Loss of cardiomyocytes (CMs), which lack the innate ability to regenerate,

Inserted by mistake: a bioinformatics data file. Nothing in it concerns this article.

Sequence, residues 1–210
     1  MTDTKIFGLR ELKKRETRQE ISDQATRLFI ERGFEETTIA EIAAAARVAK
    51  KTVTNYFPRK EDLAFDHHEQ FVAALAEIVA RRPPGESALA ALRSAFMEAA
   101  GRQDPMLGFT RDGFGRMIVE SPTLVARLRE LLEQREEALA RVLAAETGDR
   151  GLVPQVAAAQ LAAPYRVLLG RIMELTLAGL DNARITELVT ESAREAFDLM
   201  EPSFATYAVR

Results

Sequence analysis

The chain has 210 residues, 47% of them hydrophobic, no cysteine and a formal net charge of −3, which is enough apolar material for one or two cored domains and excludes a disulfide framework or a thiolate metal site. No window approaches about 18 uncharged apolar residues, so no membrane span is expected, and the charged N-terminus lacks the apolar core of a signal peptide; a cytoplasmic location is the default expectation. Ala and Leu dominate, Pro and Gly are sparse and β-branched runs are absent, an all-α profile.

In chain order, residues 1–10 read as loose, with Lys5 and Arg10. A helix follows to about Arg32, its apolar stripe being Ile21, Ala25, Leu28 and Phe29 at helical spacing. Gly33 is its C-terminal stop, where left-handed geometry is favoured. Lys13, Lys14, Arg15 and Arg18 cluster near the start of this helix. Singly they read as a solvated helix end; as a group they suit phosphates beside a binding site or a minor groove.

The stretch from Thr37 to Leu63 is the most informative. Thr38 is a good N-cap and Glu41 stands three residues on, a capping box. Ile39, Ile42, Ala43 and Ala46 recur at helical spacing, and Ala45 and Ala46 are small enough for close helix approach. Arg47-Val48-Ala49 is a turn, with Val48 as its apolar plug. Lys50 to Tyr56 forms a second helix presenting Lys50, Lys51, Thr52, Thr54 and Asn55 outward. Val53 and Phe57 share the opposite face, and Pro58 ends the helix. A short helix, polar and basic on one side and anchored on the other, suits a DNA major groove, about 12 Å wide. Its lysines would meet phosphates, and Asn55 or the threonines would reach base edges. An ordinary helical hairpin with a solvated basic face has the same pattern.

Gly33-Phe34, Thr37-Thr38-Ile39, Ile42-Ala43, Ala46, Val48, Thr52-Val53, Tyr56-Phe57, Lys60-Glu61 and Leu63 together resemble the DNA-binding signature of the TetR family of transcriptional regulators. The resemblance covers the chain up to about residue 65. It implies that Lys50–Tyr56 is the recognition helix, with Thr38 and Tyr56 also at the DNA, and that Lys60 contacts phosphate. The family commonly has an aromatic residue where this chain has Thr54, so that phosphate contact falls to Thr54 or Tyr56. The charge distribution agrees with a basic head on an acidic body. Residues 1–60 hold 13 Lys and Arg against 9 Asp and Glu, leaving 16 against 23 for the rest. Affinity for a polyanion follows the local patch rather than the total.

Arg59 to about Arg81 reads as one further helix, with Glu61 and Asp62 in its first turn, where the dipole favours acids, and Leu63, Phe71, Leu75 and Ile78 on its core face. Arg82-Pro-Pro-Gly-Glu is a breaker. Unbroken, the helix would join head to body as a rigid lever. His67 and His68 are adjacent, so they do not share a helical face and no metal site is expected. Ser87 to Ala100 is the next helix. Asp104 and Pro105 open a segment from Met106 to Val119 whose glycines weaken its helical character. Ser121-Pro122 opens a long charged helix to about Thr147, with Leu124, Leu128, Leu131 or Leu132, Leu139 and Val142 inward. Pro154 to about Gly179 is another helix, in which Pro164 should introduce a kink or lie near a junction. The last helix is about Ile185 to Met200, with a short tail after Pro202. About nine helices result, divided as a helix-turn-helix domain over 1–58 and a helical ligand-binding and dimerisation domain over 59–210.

Loss of cardiomyocytes (CMs), which lack the innate ability to regenerate, due to ageing or pathophysiological conditions (at the. or pathophysiological conditions (at the.g. myocardial infarction or MI) can have lethal effects by hastening the progression GSS of heart failure (HF, primarily a disease of the ventricle) and/or predisposing to conduction abnormalities and arrhythmias. Current therapeutic regimes are palliative in nature, and in the case of end-stage HF, heart transplantation remains the and resort. Since this option is usually severely limited by the number of available donor organs, cell replacement therapy presents a laudable option for myocardial repair. Regrettably, however, it is usually also limited by the availability of transplantable human CMs (at the.g. human fetal CMs) due to practical and ethical considerations. As a result, transplantation of non-cardiac cells such as skeletal muscle mass myoblasts (SkMs), easy muscle mass cells and bone marrow-derived mesenchymal stem cells (MSCs) has been sought as a potentially viable option. However, the non-cardiac identity of these cell sources has offered major limitations. In the case of SkMs, their lack of electrical integration after transplantation into the myocardium has been shown to underlie the generation of malignant ventricular arrhythmias, leading to the premature termination of their clinical trials. As for bone marrow stem cells, it is usually now well established that they lack the capacity to transdifferentiate into cardiac muscle mass (Murry 2004), limiting their power for myocardial repair. Indeed, numerous cardiac and non-cardiac lineages, as well as embryonic and adult stem cell populations, have been investigated as potential sources, with their pros and negatives extensively examined elsewhere (Menasche 2003; Smits 2003; Murry 2004; Sil 2004; Kong 2010; Poon 2011). This review focuses on human (h) pluripotent stem cells (PSCs) that have been shown to generate authentic human CMs, with an emphasis on their Ca2+-handling properties. Human pluripotent stem cells C embryonic and induced pluripotent stem cells Upon fertilization of an oocyte by sperm, the resultant zygote, which possesses the total potential (i.at the. totipotency) to develop into all cell types including those necessary for embryonic development (such as extra-embryonic tissues), undergoes several rounds of cell division to become a compact Raltitrexed (Tomudex) ball of totipotent cells known as the morula. As the morula continues to grow (4 days after fertilization), its cells migrate to form a more specialized hollow, fluid-filled structure known as the blastocyst consisting of an outer cell layer, the trophectoderm, and an inner cluster of cells collectively known as the inner cell mass (ICM). While the trophectoderm is usually committed to developing into extra-embryonic structures for supporting fetal development, the ICM that retains the ability to form any cell of the body except the placental tissues (i.at the. Raltitrexed (Tomudex) pluripotency) will give rise to the embryo. Embryonic stem cells (ESCs) are isolated from the ICM. ESCs possess the ability to remain undifferentiated and propagate while maintaining their normal karyotype and pluripotency to differentiate into all the three embryonic germ layers (i.at the. endoderm, mesoderm and ectoderm) as well as their lineage derivatives including brain, blood, pancreatic, heart and other muscle mass cells. Pluripotent mammalian ESC lines were first produced from rodent blastocysts 30 years ago (Evans & Kaufman, 1981; Martin, 1981), leading to the generation of the first transgenic animal and thereby revolutionizing genetics and disease modelling; the human version was first successfully isolated about a quarter century later (Thomson 1998). As an option, direct reprogramming of adult somatic cells to become hES-like induced pluripotent stem cells (iPSCs) has been developed. Forced manifestation of Raltitrexed (Tomudex) four pluripotency genes, Oct3/4, Sox2, c-Myc, and Klf4 (Takahashi & Yamanaka, 2006; Meissner 2007; Takahashi 2007),.